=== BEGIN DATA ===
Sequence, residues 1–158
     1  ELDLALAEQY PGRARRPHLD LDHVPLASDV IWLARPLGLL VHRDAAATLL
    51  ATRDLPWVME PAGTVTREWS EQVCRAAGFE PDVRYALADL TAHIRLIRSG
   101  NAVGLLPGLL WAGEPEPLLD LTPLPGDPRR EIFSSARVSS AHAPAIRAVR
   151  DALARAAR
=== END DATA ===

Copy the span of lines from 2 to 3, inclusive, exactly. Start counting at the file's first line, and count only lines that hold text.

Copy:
     1  ELDLALAEQY PGRARRPHLD LDHVPLASDV IWLARPLGLL VHRDAAATLL
    51  ATRDLPWVME PAGTVTREWS EQVCRAAGFE PDVRYALADL TAHIRLIRSG